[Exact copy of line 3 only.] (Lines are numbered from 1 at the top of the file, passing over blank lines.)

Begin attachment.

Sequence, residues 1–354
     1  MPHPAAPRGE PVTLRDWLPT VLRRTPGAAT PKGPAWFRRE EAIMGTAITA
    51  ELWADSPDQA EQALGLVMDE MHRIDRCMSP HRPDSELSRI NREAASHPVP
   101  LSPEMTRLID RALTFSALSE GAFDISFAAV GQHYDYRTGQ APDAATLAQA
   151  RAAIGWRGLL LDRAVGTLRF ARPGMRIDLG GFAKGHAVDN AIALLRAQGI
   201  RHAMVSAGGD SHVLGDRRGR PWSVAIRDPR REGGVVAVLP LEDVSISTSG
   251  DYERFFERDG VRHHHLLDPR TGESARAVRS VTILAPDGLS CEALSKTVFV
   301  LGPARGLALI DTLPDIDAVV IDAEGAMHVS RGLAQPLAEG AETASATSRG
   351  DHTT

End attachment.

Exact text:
    51  ELWADSPDQA EQALGLVMDE MHRIDRCMSP HRPDSELSRI NREAASHPVP